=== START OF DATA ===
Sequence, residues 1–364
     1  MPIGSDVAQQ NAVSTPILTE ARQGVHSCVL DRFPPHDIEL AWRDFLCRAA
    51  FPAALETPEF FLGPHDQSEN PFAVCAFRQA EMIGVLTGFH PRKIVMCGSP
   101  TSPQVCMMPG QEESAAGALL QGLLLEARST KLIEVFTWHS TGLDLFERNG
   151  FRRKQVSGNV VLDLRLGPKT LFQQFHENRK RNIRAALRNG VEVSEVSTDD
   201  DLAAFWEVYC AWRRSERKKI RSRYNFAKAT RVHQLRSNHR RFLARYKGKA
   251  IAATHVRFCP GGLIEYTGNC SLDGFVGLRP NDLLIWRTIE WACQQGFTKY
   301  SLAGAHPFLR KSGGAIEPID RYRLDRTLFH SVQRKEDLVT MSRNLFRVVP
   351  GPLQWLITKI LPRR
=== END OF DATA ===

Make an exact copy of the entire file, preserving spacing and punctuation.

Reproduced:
Sequence, residues 1–364
     1  MPIGSDVAQQ NAVSTPILTE ARQGVHSCVL DRFPPHDIEL AWRDFLCRAA
    51  FPAALETPEF FLGPHDQSEN PFAVCAFRQA EMIGVLTGFH PRKIVMCGSP
   101  TSPQVCMMPG QEESAAGALL QGLLLEARST KLIEVFTWHS TGLDLFERNG
   151  FRRKQVSGNV VLDLRLGPKT LFQQFHENRK RNIRAALRNG VEVSEVSTDD
   201  DLAAFWEVYC AWRRSERKKI RSRYNFAKAT RVHQLRSNHR RFLARYKGKA
   251  IAATHVRFCP GGLIEYTGNC SLDGFVGLRP NDLLIWRTIE WACQQGFTKY
   301  SLAGAHPFLR KSGGAIEPID RYRLDRTLFH SVQRKEDLVT MSRNLFRVVP
   351  GPLQWLITKI LPRR